RWT dissects Steamroller's adaptive clocking mechanism

AMD's Steamroller processor core is found in Kaveri-based desktop chips. This latest evolution of the Bulldozer architecture features numerous tweaks to improve performance and power efficiency, some of which we discussed in our review of the A6-7600. Steamroller also includes an unique adaptive clocking mechanism meant to counter voltage droop. Details on the technology were revealed as part of the International Solid-State Circuits Conference earlier this year, and Real World Technoligies' David Kanter has posted an interesting summary of how it works.

Voltage droop in the CPU's power supply can be problematic if it causes the processor voltage to sag below the minimum level required for a given clock speed. There are numerous solutions, including capping the CPU frequency and upping the minimum CPU voltage to avoid conditions where errors could occur. Steamroller is more intelligent. It detects voltage droop in real time and "stretches" its clock cycle to compensate.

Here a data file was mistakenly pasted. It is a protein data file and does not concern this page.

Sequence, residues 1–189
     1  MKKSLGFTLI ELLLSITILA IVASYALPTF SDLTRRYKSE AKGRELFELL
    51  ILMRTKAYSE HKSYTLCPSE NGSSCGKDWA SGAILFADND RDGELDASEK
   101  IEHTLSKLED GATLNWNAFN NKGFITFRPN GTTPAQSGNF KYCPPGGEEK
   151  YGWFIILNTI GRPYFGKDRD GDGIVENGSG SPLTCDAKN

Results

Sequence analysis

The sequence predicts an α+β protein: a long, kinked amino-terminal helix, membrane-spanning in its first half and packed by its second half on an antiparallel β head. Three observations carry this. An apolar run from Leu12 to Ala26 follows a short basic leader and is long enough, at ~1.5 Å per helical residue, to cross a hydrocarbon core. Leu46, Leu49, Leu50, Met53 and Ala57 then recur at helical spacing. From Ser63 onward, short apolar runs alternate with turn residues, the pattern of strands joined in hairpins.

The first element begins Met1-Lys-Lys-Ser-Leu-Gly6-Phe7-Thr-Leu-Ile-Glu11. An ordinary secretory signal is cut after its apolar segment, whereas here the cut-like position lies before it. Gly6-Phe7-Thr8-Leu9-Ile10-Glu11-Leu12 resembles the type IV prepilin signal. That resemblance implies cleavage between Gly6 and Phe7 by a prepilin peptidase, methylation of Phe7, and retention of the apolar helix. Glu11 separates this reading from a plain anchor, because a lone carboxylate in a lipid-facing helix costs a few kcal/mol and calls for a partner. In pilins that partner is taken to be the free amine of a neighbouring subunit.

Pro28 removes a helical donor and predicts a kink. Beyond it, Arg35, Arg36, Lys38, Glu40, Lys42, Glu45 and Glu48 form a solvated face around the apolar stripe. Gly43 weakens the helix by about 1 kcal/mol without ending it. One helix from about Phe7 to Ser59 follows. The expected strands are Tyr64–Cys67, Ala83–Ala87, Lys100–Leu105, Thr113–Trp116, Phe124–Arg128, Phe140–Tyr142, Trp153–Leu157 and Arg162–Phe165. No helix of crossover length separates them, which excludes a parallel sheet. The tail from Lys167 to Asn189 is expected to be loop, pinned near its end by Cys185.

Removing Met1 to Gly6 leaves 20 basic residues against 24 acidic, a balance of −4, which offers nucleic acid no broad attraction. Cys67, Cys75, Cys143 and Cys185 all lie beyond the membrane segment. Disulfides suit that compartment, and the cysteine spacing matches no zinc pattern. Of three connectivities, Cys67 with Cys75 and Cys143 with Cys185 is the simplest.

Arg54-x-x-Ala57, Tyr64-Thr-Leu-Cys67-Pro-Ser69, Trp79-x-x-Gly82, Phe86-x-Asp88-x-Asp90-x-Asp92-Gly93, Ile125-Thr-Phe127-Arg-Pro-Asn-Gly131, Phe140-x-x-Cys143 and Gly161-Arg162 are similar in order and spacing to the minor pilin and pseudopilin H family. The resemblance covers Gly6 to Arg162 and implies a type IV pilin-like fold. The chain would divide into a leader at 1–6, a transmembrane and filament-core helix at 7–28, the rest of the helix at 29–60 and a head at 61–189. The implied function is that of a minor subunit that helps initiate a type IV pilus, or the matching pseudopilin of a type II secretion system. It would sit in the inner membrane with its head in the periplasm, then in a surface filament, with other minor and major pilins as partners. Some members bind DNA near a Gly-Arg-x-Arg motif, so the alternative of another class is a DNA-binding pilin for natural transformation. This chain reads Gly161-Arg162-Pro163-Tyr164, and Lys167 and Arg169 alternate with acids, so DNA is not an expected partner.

The CPU frequency effectively drops when the mechanism is engaged, but only for as long as necessary to counter the voltage droop. According to Kanter, "most real workloads lose less than 0.2% of cycles" on a Steamroller chip clocked at 3.4GHz. Adaptive clocking allows a lower minimum voltage at that speed, yielding power savings of around 13%.

Kanter delves into the specifics of how the mechanism works and how it might be applied in other products, including GPUs. He doesn't mention AMD's all-new ARM and x86 processor cores specifically, but I don't see any barriers to applying adaptive clocking to those products. The full article is definitely worth reading, and at only a page, it's easier to digest than some of Kanter's more expansive works.

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